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French Girl in Seattle

Lovely post, with excellent information. I am not too good with roses, but this story works very well with the post I wrote last week about the Bagatelle gardens roseraie in Paris! Veronique (French Girl in Seattle)

There is a rose group in Cluny.
My friend and neighbour Martine Dumont is a member and I shall ask her for more information. I am sure that they will be able to help.


Beautiful roses!


What gorgeous roses! A great way to start my day by looking at them. Lovely post.


Great post. Thanks so much. I live in Le Morvan, Burgundy and see lots of beautiful roses around but wasn't sure what to buy.
Wasn't sure how hardy they would be in the winter. You have inspired me to give rose growing a try!! Have you heard of the Rosarie at Celle-en-Morvan? I haven't visited it yet but will now.

Julie F in St. Louis, MO

I never have heard that yellow roses were weak bloomers. At my previous house I had a Golden Showers climbing by my front stoop. It had blooms from late spring until frost. It may not have been fat in appearance, but it climbed quickly and smelled delicious during all that time.

Bella Michelle Densmore

OOOHHH MY! As you know the heat here in SC only allows my roses to put on a true show in the Spring and Fall....and then summer arrives to make them struggle a bit. I am currently nursing a couple of old climbers that have canes at least 3 inches thick that were allowed to vanquish behind overgrown shrubery for far too many years. Thank you for sharing your sweet smelling beauties!

Herm in Phoenix, AZ

Excellent photos of beautiful roses, Lynn. Here in Phoenix with our heat (It hit 115 degrees F on Wednesday) it’s very difficult to grow roses. I’ve tired it with mixed results. Now days, I spend lots of time in the cool pines of Flagstaff, AZ so they would be neglected.

Thanks for sharing.... A plus tard

Mark Kane

To crowd-source the identities of your mystery roses, post the photos at this Forum on

Sue Wallace

Honestly, I can smell these roses! Also loved Lunch in Paris. Expected another expat in Paris soap opera, but loved Elizabeth's honesty, humor and quirky personality, learning about the food search and prep, the friends and family from NY, London, N. Africa, Brittany, etc. and the psychological transition from NY Jewish upbringing to comfortable Parisian life. Lots to learn here even at 2AM!

Heather Robinson

These blooms are far better fireworks than anything that we will see tomorrow! Merci comme d'hab' for the inspiration et Bon weekend! (and if that isn't Franglais than I don't know what is!)


Oh,Lynn, how gorgeous! Your roses are nothing short of divine!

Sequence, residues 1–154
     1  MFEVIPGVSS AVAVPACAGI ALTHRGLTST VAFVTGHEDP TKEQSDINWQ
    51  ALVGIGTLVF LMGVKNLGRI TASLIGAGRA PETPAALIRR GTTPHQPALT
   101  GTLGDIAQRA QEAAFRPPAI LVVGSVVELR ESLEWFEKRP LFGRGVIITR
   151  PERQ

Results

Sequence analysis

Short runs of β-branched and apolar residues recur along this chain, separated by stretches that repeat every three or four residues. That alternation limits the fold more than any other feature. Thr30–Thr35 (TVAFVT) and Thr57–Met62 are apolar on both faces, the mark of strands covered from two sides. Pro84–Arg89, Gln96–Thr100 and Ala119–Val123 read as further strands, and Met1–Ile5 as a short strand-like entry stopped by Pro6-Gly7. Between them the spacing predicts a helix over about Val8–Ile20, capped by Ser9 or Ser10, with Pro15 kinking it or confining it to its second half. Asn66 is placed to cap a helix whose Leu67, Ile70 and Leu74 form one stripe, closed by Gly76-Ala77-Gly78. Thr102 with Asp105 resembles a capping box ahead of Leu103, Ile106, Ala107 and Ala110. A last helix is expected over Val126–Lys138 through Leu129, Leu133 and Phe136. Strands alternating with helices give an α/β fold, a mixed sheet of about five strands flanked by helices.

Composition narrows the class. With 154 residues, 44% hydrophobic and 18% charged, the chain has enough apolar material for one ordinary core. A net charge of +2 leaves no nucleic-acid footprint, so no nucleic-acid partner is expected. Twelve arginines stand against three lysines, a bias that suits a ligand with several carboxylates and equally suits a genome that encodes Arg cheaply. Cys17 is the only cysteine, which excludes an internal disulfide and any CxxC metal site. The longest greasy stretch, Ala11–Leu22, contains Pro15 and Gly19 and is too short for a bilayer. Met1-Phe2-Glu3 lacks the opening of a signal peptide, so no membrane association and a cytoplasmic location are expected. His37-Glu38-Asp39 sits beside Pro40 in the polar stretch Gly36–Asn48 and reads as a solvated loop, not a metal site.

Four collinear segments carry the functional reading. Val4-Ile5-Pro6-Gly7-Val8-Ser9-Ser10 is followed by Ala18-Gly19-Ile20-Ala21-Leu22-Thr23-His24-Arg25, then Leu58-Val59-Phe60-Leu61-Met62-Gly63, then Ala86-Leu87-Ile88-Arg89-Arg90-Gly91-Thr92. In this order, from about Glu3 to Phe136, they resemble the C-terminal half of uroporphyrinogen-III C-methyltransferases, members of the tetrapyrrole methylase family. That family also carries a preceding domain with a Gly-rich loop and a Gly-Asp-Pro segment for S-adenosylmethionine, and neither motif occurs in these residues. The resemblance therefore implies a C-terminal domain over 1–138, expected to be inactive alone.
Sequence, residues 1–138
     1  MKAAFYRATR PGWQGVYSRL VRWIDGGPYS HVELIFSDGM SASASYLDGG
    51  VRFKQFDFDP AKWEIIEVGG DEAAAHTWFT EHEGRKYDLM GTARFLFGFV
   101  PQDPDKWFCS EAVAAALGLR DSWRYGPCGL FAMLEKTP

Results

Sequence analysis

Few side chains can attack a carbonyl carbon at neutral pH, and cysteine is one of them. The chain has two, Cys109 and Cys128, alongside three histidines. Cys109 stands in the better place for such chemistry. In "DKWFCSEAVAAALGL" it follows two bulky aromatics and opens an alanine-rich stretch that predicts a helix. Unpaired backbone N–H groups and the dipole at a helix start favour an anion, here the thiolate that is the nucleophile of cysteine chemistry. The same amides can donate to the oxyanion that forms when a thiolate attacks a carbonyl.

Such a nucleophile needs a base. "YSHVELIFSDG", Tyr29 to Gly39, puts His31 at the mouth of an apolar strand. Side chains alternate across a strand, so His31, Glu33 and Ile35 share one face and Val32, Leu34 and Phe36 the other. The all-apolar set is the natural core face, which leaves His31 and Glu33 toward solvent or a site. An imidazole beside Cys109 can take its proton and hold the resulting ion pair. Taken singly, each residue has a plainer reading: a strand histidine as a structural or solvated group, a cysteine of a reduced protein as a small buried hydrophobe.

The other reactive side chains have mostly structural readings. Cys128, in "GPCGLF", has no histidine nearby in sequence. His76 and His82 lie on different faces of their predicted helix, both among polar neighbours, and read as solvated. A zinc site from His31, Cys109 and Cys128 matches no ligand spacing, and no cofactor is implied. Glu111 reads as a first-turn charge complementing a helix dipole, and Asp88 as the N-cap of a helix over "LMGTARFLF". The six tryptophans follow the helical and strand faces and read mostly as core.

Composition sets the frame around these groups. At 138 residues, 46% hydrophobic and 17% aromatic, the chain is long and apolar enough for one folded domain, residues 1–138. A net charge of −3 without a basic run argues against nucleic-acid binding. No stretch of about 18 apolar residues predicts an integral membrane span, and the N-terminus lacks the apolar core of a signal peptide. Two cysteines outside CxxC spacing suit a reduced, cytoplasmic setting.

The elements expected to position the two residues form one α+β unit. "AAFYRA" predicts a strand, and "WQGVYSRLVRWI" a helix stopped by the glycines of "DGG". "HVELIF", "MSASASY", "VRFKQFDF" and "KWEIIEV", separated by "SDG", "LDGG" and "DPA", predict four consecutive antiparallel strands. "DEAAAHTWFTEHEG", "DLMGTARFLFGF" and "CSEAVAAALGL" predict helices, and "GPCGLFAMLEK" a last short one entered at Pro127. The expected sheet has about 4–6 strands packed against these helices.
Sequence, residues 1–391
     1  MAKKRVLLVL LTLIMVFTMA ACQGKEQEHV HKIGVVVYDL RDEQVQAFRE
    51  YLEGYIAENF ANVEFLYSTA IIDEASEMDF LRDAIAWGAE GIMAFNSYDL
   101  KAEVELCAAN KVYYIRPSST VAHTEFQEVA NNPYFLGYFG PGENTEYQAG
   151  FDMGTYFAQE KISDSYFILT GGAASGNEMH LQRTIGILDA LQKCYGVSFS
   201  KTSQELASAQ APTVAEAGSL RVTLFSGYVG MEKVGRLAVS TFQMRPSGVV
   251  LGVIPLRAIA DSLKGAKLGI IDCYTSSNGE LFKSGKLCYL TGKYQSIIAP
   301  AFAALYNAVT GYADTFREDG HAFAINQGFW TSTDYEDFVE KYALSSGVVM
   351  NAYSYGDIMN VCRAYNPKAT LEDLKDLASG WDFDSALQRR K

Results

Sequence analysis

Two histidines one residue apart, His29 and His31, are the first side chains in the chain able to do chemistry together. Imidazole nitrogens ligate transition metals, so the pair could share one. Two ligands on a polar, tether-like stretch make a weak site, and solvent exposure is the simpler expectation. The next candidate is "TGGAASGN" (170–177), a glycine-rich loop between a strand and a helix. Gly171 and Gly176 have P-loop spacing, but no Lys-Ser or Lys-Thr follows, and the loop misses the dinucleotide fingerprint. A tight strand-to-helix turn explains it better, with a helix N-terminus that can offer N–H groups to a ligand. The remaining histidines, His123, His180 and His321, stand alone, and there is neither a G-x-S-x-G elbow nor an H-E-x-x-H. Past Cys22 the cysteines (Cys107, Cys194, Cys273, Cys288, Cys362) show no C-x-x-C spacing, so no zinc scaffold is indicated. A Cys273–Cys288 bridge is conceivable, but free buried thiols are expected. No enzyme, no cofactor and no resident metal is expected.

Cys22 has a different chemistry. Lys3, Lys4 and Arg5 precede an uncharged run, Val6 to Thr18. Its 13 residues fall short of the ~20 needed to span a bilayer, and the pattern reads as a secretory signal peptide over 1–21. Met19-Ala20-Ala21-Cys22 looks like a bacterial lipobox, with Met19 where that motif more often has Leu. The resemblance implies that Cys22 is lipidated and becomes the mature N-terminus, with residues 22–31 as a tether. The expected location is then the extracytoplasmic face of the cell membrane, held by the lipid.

What a way to start the weekend!
I also love growing roses (am fortunate to have a lovely garden filled with my favorites,many antiques. Among them is Silver Shadows--looks like its name and just one blossom will perfume the room.Second and third are(Karl)Lagerfeld (floribunda named after the fashion desinger and covered with pink.salmon/white flowers), then Glory Days (no fragrance,but the most intriguing shade of coral.) We brought them with us when we moved here 25 years ago.
Wish I aged as well as they have!!
I wonder if your first mystery rose is Tropicana(?)Looks just like that,great repeat bloomer. Orginally developed by Jackson and Perkins, quite a long time ago. Second one perhaps is Eveyln(?) Another long ago developed one,an Austin rose first created for perfume.Both very popular and well loved.
Thanks,Lynn,for such a beautiful post!!!!
Bon journee!!!!!

Suzanne Hurst

Lynn, merci beaucoup for the glorious roses! I don't have roses anymore, but after my Dad died, I kept his rose garden going 'til the house was sold. I always loved it, because I felt his presence with me. And it reminded me of his, and my Grandfather's, favorite hymn, "In the Garden." Do you know it?


I'm so jealous. I've been a rose grower since 1980. About 5 years ago, just as my latest garden, was becoming a rose paradise, Japanese beetles invaded our region. I wound up digging up many bushes and substituting day lilies and dahlias. Now those darned beetles have discovered my dahlias. There's not an insecticide or soil treatment (Yes, I've tried milky spore.) that will stop them. At least they don't appear until the end of June. I couldn't bear to part with all my roses--especially "Winipeg Parks". It's incredibly prolific and blooms all summer long--makes the beetles really happy.

Debbie Ambrous

Seems that you found a true rose bargain. I can't stop myself when I begin taking pictures of roses. You must admit that the background for your roses can't be beat. Castles, barns and stone walls form perfect backgrounds for the rose beauties. Still without the perfect backdrop roses can transform ordinary surroundings. I would suggest that you just invent your own name for those roses and speak to them at every opportunity.

Rachel M

Water is so dear here (central TX) that I don't much water things I can't eat. Of course, you can eat rose petals... or make rose water, or... mmmm! :-) Beautiful photos, but I want scratch and sniff!

Patricia Bates

Hi, Friend!

I highly appreciate your post!

Thanks for sharing an informative post with us.

I have ne'er detected that yellow roses were weak bloomers. At my previous house, I had a Golden Showers climb by my front stoop. It had blooms from late spring till frost. it should not are fat in look, however it climbed quickly and smelled delicious throughout all that point.

Please, continue your writing in the future!

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